Get used to a new word for 2013: reshoring.
Conventional wisdom says that American jobs are flying like crazy over to China. But a recent piece in the Christian Science Monitor says otherwise.
There's no official tally of the number of jobs returning, but Harry Moser, director of the Reshoring Initiative, which aims to bring manufacturing jobs back to the United States, estimates that 50,000 jobs have returned in the past three years. He bases his estimate on a close read of the media and on reports his organization receives. If that number is accurate, reshoring would account for 12 percent of the manufacturing jobs the Bureau of Labor Statistics reports returned to the American economy since 2010.
The Boston Consulting Group, a global management consulting firm, in a September report projected that returned manufacturing could bring 5 million new jobs by 2020 and add $90 billion in US exports to the economy.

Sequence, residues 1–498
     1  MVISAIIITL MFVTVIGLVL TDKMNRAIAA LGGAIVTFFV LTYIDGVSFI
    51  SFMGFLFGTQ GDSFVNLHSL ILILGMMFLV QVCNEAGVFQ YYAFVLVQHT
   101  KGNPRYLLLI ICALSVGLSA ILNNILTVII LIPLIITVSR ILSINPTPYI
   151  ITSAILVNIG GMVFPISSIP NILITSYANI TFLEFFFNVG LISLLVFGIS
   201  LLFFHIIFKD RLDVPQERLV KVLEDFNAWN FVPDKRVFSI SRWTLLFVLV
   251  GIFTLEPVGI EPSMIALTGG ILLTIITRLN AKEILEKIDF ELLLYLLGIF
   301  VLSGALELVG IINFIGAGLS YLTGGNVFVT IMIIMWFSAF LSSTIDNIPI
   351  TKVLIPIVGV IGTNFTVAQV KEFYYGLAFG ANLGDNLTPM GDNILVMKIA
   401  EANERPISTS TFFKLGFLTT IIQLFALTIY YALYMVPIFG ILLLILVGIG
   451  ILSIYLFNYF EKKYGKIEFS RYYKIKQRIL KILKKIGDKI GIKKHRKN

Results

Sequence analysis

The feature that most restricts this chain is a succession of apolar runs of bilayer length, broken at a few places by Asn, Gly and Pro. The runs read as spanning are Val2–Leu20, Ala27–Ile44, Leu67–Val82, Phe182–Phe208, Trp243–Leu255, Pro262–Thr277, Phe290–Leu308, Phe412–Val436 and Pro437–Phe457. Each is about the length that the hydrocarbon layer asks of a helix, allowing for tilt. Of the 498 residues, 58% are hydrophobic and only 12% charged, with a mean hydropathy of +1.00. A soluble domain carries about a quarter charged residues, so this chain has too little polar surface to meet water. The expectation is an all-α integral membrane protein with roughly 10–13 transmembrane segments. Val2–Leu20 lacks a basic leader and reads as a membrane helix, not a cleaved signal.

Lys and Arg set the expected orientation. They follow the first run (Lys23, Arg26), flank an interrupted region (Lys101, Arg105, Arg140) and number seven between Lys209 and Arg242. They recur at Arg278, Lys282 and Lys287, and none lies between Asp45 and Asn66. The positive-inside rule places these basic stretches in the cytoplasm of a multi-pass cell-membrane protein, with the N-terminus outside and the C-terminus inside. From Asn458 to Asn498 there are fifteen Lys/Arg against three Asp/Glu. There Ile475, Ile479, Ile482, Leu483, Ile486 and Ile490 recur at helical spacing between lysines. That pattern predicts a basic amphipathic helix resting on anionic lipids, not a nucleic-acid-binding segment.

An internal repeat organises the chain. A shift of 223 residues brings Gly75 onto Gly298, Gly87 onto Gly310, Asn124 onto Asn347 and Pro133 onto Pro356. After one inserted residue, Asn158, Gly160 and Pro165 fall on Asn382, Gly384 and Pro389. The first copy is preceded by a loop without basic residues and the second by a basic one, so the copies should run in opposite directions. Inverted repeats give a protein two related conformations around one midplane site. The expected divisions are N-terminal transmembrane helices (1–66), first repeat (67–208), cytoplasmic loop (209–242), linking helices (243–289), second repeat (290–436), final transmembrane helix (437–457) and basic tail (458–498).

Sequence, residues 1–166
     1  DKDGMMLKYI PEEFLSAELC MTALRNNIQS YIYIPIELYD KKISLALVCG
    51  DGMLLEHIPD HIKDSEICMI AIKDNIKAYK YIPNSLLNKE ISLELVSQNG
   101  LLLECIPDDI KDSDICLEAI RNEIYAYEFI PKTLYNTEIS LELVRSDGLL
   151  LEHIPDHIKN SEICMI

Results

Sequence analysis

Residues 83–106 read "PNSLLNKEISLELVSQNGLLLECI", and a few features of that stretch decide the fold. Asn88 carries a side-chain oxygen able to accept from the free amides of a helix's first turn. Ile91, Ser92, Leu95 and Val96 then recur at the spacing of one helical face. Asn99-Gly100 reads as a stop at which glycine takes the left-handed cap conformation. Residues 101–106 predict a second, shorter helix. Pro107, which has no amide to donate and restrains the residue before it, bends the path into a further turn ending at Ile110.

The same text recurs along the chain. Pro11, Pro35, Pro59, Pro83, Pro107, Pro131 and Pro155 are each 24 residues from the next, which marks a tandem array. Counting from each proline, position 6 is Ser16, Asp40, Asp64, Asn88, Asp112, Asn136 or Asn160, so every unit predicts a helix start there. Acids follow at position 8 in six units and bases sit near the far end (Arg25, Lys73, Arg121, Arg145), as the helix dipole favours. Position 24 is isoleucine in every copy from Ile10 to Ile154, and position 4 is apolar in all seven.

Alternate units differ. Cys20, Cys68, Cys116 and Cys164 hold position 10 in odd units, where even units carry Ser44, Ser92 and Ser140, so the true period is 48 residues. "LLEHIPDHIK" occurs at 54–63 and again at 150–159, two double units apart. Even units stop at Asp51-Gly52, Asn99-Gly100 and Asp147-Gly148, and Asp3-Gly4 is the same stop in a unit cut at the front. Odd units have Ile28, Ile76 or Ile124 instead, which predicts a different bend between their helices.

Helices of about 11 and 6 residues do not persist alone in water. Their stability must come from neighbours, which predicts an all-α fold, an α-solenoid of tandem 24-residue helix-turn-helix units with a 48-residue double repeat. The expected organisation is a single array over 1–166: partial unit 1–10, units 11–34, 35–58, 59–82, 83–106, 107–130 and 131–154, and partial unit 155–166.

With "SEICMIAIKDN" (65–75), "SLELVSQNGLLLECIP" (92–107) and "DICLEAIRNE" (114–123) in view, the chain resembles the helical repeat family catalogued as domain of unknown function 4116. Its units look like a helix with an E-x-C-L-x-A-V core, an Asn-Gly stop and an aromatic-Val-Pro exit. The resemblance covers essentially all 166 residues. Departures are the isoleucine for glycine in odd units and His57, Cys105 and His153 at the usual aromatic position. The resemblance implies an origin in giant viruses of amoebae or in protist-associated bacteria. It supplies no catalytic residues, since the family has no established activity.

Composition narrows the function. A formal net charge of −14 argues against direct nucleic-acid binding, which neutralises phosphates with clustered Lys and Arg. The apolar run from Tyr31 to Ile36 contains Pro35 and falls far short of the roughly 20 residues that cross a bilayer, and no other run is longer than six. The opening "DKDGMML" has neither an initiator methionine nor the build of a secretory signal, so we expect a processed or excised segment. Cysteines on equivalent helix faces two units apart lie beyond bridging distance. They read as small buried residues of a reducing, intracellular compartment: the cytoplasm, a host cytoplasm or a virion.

Why is this happening?
Rising wages in China, unpredictable supply-chain problems, oil prices, and the risk of intellectual property theft are making manufacturers more wary of producing overseas, analysts say.
That's the beauty of the free market, in this case the labor market. Eventually, workers start to demand more money and everything evens out as the labor market adjusts in its growth. But this isn't even the best part.
It's not just that it's getting more expensive to produce overseas. It's also getting cheaper to produce back at home. "It's the shale gas revolution," says Kevin Swift, chief economist and managing director of the American Chemistry Council. "There are low-cost, abundant sources of energy [here] now."
Mr. Swift says that's a game changer for his industry: "We were being written off as being noncompetitive. It's completely changed. There's significant investment on the books ... 50 [planned] projects valued at over $40 billion."
Yes, indeed. Things are looking up for our country and it makes me quite happy!